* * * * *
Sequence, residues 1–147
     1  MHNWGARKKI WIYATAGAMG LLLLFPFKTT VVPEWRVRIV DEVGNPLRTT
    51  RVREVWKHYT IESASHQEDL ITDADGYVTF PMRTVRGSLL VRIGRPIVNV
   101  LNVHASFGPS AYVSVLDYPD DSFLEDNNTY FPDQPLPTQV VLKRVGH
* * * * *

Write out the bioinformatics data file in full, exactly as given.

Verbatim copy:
Sequence, residues 1–147
     1  MHNWGARKKI WIYATAGAMG LLLLFPFKTT VVPEWRVRIV DEVGNPLRTT
    51  RVREVWKHYT IESASHQEDL ITDADGYVTF PMRTVRGSLL VRIGRPIVNV
   101  LNVHASFGPS AYVSVLDYPD DSFLEDNNTY FPDQPLPTQV VLKRVGH